beat profit forecasts but its comparable far exceeded expectations. Macy`s
(NYSE:M) had said November and December sales grew more than a percent.
And while analysts expected sales to slow in January, typically a clearance
month, the opposite happened. January sales improved by 3 percent.

The average price of an item Macy`s sold in January was higher than it was
a year ago. There was less left over holiday inventory to sell on
clearance and shoppers bought more new merchandise. More shoppers came
into Macy`s (NYSE:M) stores, and online sales recorded double digits rates
for the 34th straight quarter.

DANA TELSEY, TELSEY ADVISORY GROUP CEO: We had a better holiday season.
Consumers had the ability to spend. Macy`s (NYSE:M) gave them the want to
spend. Retailers and brands were able to come out with products that
people wanted. We have a little bit of an apparel cycle. Essentially
where there was fragrances, whether it`s dresses, active or men`s,
tailored, it all seemed to work.

REAGAN: Macy`s (NYSE:M) CEO Jeff Gennette says he is confident about the
changing sales trend and plans to exceed analysts expectations this year.
Macy`s (NYSE:M) plans to grow sales through a combination of four main
factors — a strong consumer environment, overall better execution, a new
company-wide employee incentive plan, and expanding strategies it tested
last year, including a new loyalty program and merchandise changes.

Gennette will use part of savings from tax reform to help fund the new
incentive plan, giving all employees what Gennette classifies with a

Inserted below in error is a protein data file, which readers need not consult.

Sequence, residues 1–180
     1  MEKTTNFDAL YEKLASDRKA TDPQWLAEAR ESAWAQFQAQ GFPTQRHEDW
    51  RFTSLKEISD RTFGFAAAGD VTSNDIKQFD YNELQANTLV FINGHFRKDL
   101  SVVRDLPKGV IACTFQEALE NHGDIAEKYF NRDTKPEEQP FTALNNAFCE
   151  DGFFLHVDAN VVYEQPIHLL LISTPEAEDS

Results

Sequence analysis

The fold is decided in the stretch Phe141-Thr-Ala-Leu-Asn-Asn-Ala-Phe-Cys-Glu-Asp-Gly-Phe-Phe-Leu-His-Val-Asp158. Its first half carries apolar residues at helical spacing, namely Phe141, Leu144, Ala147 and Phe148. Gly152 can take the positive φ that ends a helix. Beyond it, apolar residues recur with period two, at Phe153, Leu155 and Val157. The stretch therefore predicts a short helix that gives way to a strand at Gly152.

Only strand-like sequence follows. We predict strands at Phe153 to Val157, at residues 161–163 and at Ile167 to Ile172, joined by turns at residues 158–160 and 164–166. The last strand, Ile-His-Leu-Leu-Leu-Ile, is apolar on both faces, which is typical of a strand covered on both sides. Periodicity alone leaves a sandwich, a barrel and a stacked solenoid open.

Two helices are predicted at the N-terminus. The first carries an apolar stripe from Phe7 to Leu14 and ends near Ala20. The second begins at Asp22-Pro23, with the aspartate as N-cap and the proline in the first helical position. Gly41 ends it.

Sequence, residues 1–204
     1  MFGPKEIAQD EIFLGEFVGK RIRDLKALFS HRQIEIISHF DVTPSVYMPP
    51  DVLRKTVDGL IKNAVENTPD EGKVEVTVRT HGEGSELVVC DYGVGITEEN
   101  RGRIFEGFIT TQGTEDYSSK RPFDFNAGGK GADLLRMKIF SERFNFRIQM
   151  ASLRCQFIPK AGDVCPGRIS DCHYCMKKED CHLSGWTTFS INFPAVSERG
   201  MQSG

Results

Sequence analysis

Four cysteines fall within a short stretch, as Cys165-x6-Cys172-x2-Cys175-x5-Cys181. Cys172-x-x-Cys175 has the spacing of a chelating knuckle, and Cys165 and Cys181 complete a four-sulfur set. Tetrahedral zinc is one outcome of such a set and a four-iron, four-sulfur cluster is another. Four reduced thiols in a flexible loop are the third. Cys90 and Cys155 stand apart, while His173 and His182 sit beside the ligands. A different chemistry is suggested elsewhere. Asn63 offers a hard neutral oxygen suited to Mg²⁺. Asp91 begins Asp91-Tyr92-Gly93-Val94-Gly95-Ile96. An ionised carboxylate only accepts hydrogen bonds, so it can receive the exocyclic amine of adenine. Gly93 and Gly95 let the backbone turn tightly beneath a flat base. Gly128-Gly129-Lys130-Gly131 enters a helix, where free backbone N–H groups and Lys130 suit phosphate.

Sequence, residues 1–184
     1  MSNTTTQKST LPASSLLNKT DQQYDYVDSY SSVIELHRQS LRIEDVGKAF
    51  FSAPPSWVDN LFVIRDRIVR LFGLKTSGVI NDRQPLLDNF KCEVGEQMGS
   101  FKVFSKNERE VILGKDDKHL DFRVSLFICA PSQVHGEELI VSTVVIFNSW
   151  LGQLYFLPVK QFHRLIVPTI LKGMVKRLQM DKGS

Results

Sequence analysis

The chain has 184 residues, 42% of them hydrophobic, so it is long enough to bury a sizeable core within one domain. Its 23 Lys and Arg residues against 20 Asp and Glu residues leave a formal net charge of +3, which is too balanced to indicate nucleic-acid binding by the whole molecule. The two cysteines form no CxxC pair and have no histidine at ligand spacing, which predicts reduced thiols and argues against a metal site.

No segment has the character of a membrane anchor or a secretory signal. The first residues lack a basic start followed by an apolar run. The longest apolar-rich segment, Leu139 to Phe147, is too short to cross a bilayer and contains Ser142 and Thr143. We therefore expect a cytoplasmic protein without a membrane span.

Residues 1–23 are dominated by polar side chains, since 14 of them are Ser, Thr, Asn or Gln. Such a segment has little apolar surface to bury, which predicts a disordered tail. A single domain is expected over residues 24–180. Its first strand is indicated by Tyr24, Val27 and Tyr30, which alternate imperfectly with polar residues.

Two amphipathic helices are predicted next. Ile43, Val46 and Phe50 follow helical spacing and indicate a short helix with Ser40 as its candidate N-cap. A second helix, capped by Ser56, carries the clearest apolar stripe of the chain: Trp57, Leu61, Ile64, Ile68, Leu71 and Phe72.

regulatory as skin in the game. Gennette says the presence of a back stage
area in a store which is Macy`s (NYSE:M) outlet concept is lifting sales in
those locations by a full percentage point. A metric that`s been improving
over time. The concept is in 45 stores now with plans to expand to 100 or
more this year.

Analysts think Macy strategy is helping improve sales but also point to
demand for apparently and a generally strong U.S. consumer, which could
bode well for Kohl`s, JCPenney and other retailers when those results come
this week.



MATHISEN: Dillard`s (NYSE:DDS) reports a strong quarter. And that is
where we begin tonight`s “Market Focus”.

The retailers said strong demand boosted same store sales, revenue bettered
analyst forecasts. Profits also topped estimates. Shares jump 16 percent,
almost 17 percent to $82.91 there.

And despite facing pricing pressures in its generics business, the drug
maker Mallinckrodt reported results sees a number of opportunities for
growth this year, said it`s committed to expanding its product portfolio.
Shares up 15 percent to $18.66.

And the chip maker, Microchip Technology (NASDAQ:MCHP) reportedly nearing a
deal to acquire the rival Microsemi (NASDAQ:MSCC). “Reuters” says the
potential tie up could value Microsemi (NASDAQ:MSCC) around its current
stock price. A deal could be reached as early as this week. Microchip
chairs rose 2 percent to $88.55. Microsemi (NASDAQ:MSCC) up a fraction at

HERERA: Higher average selling prices helped Toll Brothers (NYSE:TOL)
deliver a profit beat. Overall sales were a little light. But the luxury
home builder also said it saw an increase in orders during that period.